Osama and Maryam Mirja Jusufzai’s
wedding in Pakistan in 2004.
File this one under, “I thought it to have been a good idea at the time”.
Finnish convert to Islam moves to Pakistan and now faces the possibility of being blown up, or beheaded by the Taleban. The story comes by way of the Finnish capital’s bird cage paper, the Hell-Singing Sanomat. KGS
NOTE: She better hope that she doesn’t become a punching bag for her husband, or suspected of being unfaithful, because there’s no recourse for her like there is in Finland. Wetern women who marry Muslims are literally placing their own lives into the hands of their husbands and their relatives.
PESHAWAR. Maryam Mirja Jusufzai, 30, born in Rauma Finland, became a Muslim a few years ago and followed her husband, Osama Jusufzai to Pakistan.Jusufzai’s family life, however, also differs from that of the ordinary everyday life of a Pakistani family. Osama’s father, Mahmud Shah is one of Pakistan’s best-known critics of the extremist Islamic Taliban.Former Brigadier General and former Security Minister of the tribal region, Shah in October rose to number one on the Taliban’s death list. Since Maryam, Osama, and their two year old son Armaan Osama live in the same house with the parents, the whole family is in danger.The Taliban threat is seen and feelt on the streets of Peshawar. Outside of Mahmud Shah’s house and throughout the neighborhood armed guards are on patrol. Ever since the army launched attacks against the Taliban in Peshawar and around Swatissa Waziristan, Taliban suicide bombers have been trying to avenge their losses.Also kept in Maryam’s house are weapons: pistols and Kalashnikov assault rifles,. The rounds are packed in bags.Last June, the Taliban blew up a huge car bomb two kilometers away from the family home, at the hotel, where Maryam and Amin Osama’s wedding reception took place. Large parts of the Pearl Continental hotel collapsed. It killed 11 civilians and left 50 wounded.Nowadays, Maryam check for text messages after each of the bombing that her husband and in-laws are still alive.“Quite a difference compared to a peaceful Finland. In Finland, once I read the newspaper about a car accident. No one was killed and nobody injured. Still, it reached the headlines of the newspaper,” Osama says.Maryam and Osama became acquainted, when Osama came to Finland to study. Originally, neither of them would have preferred to fall in love with someone with very different cultural traditions.“I thought it would be easier to marry a Muslim from Pakistan”, Osama admits.“I too did not originally plan to marry a foreigner, let alone a Pakistani Muslim,” Maryam recalls.The couple moved to Pakistan when Osaman father became ill.“Sometimes I feel that it would be better to leave Pakistan. It’s too dangerous,” says Osama. “But believe it or not, Maryam wants to stay.”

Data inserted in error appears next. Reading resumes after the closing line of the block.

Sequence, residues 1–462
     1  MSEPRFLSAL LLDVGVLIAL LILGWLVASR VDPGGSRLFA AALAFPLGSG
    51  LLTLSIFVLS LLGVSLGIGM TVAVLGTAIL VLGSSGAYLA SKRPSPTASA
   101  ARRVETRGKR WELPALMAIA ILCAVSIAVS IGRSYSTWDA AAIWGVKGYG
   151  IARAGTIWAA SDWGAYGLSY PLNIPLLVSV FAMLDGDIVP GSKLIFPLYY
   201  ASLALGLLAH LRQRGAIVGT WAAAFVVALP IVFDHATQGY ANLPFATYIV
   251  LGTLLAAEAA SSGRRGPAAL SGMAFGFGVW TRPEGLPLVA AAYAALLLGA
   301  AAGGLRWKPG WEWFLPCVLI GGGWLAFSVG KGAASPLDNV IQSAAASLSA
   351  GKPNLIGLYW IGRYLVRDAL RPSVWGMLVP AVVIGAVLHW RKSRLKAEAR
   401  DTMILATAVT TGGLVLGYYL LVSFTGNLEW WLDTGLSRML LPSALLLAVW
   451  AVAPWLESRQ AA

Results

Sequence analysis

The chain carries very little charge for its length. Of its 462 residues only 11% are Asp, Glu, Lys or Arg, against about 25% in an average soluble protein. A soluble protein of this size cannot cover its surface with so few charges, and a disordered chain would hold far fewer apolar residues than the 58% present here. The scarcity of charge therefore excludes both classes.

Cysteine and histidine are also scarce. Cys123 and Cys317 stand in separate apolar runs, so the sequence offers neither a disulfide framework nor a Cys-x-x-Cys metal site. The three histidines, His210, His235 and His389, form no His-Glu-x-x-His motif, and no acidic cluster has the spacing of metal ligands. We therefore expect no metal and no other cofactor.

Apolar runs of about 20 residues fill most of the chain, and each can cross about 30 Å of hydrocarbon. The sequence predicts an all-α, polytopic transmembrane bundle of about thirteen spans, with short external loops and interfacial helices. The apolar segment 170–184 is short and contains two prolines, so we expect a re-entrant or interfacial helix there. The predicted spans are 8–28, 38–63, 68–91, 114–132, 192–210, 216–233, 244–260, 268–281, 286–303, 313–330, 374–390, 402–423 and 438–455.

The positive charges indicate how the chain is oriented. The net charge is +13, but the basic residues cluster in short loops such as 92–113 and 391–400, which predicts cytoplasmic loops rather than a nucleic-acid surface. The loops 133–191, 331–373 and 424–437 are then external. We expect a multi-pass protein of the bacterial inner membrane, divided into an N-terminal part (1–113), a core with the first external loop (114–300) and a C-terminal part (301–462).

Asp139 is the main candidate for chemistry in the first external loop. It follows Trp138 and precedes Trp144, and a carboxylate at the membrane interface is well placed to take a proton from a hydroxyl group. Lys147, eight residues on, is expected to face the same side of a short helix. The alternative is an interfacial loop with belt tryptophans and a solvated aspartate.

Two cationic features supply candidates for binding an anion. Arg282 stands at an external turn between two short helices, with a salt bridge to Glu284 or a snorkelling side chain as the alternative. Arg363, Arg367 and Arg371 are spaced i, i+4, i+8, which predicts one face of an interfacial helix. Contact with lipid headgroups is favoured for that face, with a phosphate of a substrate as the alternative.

Dutch freelance journalist Harald Doornbos met with Finnish Maryam Jusufzai in Pakistan.